Victorian Indigenous groups have responded to the Productivity Commission report released on Wednesday - which found governments had largely not fulfilled their commitments in relation to Closing the Gap - arguing many of the recommendations were common sense whilst simultaneously lamenting the lack of action.
The final report of the commission's first three-yearly review of government action on the National Agreement on Closing the Gap argued governments needed to move away from a 'business-as-usual' mindset and embrace power-sharing arrangements.
The Victorian Aboriginal Community Controlled Health Organisation (VACCHO) said the report revealed "a troubling lack of progress in implementing crucial reforms" and said the findings highlighted a failure to empower Aboriginal Community Controlled Organisations (ACCOs) adequately which hindered their capacity to address the specific needs and priorities of their communities.
VACCHO chief executive Jill Gallagher said there was an urgent need for governments to prioritise strengthening the capacity of ACCOs in order to drive meaningful progress in key metrics, such as life expectancy and health and wellbeing.
"Despite varying government statements to the contrary, there appears to be a lingering, deep-rooted colonial-era notion in this country that governments know what is best for Aboriginal and Torres Strait Islander people," the Gunditjmara woman said.
"In many ways the review reaffirms that despite the best intentions, governments are still sticking with the status quo, by failing to take concrete steps to put Aboriginal health in Aboriginal hands."
The First Peoples' Assembly of Victoria co-chair Rueben Berg said the Treaty process - which has been mired in political controversy in the last month - was an essential and missing step to helping close the gap.
"It's common sense," the Gunditjmara man said.
"If politicians want better outcomes for our communities, if they want to 'close the gap', then they have to start handing over some of the decision-making power to Aboriginal people. That's what we'll be talking about in our Treaty negotiations.
"Treaty is about making sure it's Aboriginal people who are the one developing and delivering the solutions at a local level."
The Aboriginal Housing and Homelessness Forum Lead and Aboriginal Housing Victoria (AHV) Director of Strategy and Performance Lisa Briggs said the report highlighted the need for greater focus on Indigenous housing and home ownership, arguing safe and secure housing was a central tenet to closing the gap and reducing Indigenous disadvantage.
"Secure housing is the missing policy piece. It is fundamental to human safety, economic participation, psychological resilience, and physical health – all the areas in which governments are falling behind," Ms Briggs said.
"The data shows us that in Victoria, by 2036, the number of Aboriginal households will more than double. To maintain existing levels of social housing in line with population growth, we will need an additional 5000 social housing units just so existing, catastrophic levels of homelessness do not escalate."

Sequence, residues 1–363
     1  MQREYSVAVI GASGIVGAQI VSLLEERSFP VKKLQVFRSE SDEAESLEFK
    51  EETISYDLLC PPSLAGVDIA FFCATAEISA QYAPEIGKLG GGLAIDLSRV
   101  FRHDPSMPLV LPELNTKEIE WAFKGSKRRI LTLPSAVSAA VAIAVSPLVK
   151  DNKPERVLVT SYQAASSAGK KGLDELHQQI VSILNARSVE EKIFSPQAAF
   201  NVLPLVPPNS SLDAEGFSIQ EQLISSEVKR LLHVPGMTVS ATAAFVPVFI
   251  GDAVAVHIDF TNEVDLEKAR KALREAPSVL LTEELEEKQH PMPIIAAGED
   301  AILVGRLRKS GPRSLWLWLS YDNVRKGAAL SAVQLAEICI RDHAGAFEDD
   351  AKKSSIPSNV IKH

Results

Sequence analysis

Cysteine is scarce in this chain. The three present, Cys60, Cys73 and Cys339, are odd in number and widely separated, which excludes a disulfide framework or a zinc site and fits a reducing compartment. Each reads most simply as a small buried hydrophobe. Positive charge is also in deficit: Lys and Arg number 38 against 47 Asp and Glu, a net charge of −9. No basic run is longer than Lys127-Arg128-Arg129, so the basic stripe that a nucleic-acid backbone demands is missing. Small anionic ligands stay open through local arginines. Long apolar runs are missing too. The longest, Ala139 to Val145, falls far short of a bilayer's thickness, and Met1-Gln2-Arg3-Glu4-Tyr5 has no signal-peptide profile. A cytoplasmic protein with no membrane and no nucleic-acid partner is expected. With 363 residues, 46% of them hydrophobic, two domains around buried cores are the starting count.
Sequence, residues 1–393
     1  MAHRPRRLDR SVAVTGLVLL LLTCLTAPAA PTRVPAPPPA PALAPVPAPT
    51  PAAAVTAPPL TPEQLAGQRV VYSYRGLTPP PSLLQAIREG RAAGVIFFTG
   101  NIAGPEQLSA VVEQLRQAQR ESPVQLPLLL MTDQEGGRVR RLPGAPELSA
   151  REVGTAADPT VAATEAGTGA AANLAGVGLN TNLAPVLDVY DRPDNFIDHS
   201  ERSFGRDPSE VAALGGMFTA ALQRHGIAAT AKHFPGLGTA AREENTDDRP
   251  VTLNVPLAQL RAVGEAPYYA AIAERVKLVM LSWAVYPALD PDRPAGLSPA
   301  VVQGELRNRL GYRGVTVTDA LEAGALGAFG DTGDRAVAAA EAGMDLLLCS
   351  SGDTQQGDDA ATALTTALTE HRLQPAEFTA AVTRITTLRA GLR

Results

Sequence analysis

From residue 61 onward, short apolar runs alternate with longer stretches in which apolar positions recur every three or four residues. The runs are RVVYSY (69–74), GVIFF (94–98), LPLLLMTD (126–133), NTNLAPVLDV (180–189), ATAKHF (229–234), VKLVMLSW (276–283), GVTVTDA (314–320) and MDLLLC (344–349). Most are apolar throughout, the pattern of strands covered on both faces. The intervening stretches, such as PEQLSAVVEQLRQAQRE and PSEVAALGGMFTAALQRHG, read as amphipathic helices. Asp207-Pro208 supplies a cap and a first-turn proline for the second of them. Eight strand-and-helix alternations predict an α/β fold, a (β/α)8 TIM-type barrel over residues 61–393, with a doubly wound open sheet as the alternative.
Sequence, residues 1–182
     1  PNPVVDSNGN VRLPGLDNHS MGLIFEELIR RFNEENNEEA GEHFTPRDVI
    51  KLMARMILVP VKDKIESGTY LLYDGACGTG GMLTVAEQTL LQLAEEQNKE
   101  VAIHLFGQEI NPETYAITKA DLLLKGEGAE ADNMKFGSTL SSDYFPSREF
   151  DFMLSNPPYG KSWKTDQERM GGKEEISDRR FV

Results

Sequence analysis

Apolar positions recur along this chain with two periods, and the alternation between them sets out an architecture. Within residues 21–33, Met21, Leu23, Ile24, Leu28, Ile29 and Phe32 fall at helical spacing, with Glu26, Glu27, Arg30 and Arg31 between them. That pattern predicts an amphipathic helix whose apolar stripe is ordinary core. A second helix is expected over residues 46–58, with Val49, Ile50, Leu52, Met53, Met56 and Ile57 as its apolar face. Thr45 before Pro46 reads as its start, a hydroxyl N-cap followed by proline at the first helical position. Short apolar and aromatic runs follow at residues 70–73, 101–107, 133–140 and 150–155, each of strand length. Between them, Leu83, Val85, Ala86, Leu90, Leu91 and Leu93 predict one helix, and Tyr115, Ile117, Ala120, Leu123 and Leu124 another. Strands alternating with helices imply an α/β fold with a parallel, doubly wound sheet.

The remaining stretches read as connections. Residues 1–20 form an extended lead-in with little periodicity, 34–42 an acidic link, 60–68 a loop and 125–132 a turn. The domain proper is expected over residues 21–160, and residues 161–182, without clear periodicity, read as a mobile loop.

Indigenous housing has routinely been argued as a key metric for reducing Indigenous disadvantage. A recent submission to the Yoorrook Justice Commission by AHV called for the Victorian government to return unused public land to Traditional Owner groups for the purpose of building housing, arguing colonisation has created a 250 year-long housing crisis.
"They [governments] need to do better, for our children, our Elders and our communities," Ms Briggs said." The Report reinforces the need for the National Housing and Homelessness Agreement to include a specific schedule for Aboriginal and Torres Strait Islander individuals, communities and organisations."
She said it highlighted the drastic need for a National Aboriginal and Torres Strait islander Housing and Homelessness Plan.
"Now is the right time to expand on the existing Closing the Gap housing targets to include an Aboriginal homelessness target to respond to the rapid increases in homelessness experienced by Aboriginal and Torres Strait Islander people across the country," Ms Briggs said.
All the statements mirror those proposals put forward by Indigenous groups throughout the country, which argue the improvement of outcomes for Aboriginal people is contingent on allowing Indigenous people to run and make decisions on metrics that directly impact them.
These recommendations were expressly outlined in the interim report by the Yoorrook Justice Commission last year.
Eleanor Bourke, co-chair of the Yoorrook Justice Commission, said the report highlighted evidence that "when First Peoples are engaged with and have control over decisions that affect their lives, the result is better outcomes."
"This is what First Peoples have long been calling for, it is what Yoorrook recommended, and it is what the Productivity Commission is highlighting in its report today," she said
Ms Gallagher said the community "knows community best," arguing ACCHOs have been delivering "extraordinary" care for half a century within an environment where culture was nurtured and celebrated.
"It's time for governments to release the shackles and create transformative policies that empower ACCOs, and their dedicated staff continue to apply Aboriginal ways of being, knowing, and doing to support thriving, healthy Communities," she said.